There are a few song sequences, especially an item number, that prove to be an unwelcome distraction. The first thirty minutes could do with some editing. The comedy track doesn’t really tickle the funny bone.
The aforementioned flaws are the only ones I can think of. Outside of that, Polladhavan is just about perfect.
The premise is pretty simple. Prabhu, an unemployed young man from a lower middle-class family buys a motorbike, a Bajaj Pulsar he has been lusting after for years. It turns out to be his lucky charm, as he soon gets a job and a girlfriend as well. Then, one night, it gets stolen. In trying to find it, his path crosses that of a gang of smugglers. Especially that of Ravi, the younger brother of a local kingpin. Things go south from there on. Basically, a man on the street goes up against the underworld. Sure, we’ve seen this before. But not often has it been done so well.
In a sense, Polladhavan is about two relationships. One is between Prabhu and his father, a tough old man who despairs for his son but loves him all the same. Despite all the bickering, there exists a deep, abiding affection between the two men. The other important relationship is between Ravi and his brother Selvam. There is love here too, and a sense of the elder one watching out for the younger. All four characters are well-written and remain consistent to their natures throughout the movie. In keeping the focus firmly on them, Polladhavan achieves an economy of plot that is gratifying. There is much violence, but when it happens, we see the sense in it because we understand the characters involved.
The characterization of Selvam is one of the high points of the movie. He would not hesitate to kill if it makes a difference to his business. But he is not an unreasonable man, and respects Prabhu’s desire to avoid conflict. He assesses correctly that his brother is too rash, too consumed by bloodlust to be effective in his line of business. He see too that his brother’s survival depends on his own in ways that his brother does not yet comprehend. His dialogues and actions show a sensibility that is not often found among gangsters in Tamil cinema.
The other high point is the way the movie depicts the relationship between the gangsters and the law-abiding citizens they live among. To the extent possible, each would prefer to stay out of the other’s way. Some of the movie’s most interesting passages deal with what happens to stolen bikes. I do not know how much of what is depicted is true, but it sure does seem that way.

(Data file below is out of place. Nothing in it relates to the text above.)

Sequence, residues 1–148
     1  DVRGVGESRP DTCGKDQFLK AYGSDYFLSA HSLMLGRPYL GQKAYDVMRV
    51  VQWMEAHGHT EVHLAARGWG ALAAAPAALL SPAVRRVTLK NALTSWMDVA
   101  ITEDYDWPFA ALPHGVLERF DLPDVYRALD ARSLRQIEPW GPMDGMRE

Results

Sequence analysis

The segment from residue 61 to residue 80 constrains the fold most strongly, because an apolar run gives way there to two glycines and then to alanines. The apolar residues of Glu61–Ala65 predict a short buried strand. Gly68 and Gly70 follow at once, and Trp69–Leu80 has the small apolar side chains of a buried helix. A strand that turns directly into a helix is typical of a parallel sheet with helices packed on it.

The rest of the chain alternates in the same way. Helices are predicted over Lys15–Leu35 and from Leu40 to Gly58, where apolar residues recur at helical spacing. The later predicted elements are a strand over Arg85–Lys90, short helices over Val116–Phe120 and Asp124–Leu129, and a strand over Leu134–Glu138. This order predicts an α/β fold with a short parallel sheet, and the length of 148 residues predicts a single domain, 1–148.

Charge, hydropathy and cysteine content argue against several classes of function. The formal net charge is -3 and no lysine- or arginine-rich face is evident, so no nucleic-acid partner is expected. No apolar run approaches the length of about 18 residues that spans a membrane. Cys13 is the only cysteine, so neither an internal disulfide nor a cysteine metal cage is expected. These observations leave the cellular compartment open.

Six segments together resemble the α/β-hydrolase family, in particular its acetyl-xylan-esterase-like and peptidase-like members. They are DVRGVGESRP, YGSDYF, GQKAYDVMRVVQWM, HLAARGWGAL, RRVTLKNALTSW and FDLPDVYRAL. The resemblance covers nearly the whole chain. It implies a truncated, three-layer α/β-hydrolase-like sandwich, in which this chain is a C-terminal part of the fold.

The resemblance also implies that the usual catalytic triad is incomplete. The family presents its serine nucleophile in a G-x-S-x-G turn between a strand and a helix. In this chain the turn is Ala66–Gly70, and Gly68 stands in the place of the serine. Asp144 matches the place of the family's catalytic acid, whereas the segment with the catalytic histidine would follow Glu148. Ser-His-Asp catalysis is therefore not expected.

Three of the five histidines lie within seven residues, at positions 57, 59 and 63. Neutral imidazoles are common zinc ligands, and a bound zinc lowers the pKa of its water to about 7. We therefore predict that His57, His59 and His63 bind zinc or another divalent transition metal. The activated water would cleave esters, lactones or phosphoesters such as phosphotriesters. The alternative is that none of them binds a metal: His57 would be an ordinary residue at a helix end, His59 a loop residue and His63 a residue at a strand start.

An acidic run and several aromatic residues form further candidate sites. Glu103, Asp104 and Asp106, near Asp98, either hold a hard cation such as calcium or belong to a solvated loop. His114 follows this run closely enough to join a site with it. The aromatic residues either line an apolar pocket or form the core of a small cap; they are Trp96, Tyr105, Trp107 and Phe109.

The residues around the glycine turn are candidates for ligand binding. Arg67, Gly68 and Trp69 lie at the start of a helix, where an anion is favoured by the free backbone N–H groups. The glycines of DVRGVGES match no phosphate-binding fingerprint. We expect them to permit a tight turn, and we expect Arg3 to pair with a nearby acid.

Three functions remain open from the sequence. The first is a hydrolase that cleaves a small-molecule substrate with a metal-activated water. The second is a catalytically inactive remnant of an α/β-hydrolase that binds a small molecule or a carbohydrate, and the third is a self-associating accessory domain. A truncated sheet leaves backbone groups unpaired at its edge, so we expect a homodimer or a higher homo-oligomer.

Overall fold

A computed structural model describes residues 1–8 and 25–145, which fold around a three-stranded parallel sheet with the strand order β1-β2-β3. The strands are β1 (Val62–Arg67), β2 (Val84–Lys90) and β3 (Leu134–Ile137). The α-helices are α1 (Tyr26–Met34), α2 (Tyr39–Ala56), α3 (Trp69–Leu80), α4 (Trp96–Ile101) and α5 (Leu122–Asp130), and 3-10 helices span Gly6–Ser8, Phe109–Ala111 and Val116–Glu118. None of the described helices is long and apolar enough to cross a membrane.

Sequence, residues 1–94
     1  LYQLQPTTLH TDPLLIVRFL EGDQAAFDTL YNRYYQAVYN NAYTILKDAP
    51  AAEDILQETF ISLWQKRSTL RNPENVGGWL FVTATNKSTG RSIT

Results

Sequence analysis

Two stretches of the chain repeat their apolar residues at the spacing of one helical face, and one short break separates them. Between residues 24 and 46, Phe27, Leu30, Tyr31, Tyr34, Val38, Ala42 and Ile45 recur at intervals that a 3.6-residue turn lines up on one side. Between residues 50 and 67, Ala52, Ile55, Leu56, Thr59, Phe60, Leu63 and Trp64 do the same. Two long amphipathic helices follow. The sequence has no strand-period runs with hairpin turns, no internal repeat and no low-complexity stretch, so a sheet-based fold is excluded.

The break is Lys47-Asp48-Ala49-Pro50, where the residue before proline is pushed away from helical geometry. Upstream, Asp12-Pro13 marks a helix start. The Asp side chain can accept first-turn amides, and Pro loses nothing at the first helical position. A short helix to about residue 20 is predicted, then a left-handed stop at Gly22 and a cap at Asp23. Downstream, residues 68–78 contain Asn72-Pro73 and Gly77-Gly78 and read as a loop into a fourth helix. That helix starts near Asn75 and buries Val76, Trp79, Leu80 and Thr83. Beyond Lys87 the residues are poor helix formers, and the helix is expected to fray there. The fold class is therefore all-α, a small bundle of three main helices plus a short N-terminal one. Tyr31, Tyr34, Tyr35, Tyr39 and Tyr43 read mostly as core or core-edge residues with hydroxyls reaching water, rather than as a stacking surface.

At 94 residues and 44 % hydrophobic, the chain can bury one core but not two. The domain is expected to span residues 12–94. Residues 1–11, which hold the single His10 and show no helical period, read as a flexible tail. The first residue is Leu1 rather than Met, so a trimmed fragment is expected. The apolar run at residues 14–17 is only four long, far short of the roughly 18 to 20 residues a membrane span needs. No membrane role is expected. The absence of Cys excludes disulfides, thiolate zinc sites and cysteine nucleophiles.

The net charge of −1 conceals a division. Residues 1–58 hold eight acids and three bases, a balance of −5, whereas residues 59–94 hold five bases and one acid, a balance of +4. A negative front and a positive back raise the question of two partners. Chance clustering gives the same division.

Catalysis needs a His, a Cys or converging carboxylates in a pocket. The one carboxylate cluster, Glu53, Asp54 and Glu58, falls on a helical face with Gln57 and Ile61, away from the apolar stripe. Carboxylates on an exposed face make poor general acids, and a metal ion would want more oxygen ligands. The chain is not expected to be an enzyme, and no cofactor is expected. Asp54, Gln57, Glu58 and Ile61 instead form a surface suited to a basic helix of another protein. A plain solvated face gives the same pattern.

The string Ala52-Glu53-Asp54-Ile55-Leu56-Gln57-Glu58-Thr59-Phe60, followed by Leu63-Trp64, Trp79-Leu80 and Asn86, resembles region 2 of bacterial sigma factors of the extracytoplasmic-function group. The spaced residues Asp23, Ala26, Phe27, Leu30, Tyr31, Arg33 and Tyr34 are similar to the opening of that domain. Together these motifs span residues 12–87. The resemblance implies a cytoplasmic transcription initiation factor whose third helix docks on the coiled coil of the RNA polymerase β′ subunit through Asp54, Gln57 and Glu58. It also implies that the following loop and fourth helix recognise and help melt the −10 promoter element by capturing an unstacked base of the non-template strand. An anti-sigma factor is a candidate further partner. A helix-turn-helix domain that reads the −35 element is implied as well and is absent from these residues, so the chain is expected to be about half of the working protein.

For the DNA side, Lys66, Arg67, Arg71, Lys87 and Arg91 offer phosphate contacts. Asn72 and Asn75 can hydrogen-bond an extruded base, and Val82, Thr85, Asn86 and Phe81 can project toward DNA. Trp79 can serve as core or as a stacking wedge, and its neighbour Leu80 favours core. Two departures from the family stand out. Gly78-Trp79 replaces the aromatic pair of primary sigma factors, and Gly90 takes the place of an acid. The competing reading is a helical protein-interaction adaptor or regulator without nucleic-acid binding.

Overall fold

The performances are top-notch. Dhanush is particularly effective at creating a character we care for. There is never a moment when he seems unconvincing or over-the-top. A lesser movie would’ve let him blow his top more often; this one mostly just lets him simmer, so it is all the more effective when he fights back. The other three major characters do a good job as well. Murali plays Prabhu’s father as well as you would expect him to. This is the sort of role actors like he and Raj Kiran dine out on. Daniel Balaji, who was so effective as the psychopath in Vettaiyaadu Vilayaadu, plays yet another of the same ilk. The most notable performance is that of Kishore, who plays Selvam. His is the best-written part, and he does it justice.
The women have smaller parts, but do a pretty good job of rising above their obligatory nature. Anju is the pick of the lot, playing Selvam’s wife as a woman who understands her husband’s power but not what makes it work. Bhanupriya and Divya/Ramya have little to do as Prabhu’s mother and girlfriend respectively, and do it quite well.
Action movies are a dime a dozen. However, most of them concentrate on how well character A beats up character B. Few concentrate on why. Polladhavan works precisely because it makes a correct choice in this regard.
ps: And no, I have not forgotten The Bicycle Thief. The movie uses the same premise (man depends on bike for livelihood, finds it stolen and searches for it), but charts a different path and deserves to be regarded on its own terms.
pps: Oh, I forgot to mention: The remixed version of Engeyum Eppodhum by Yogi B absolutely ROCKS! You can check out the video here.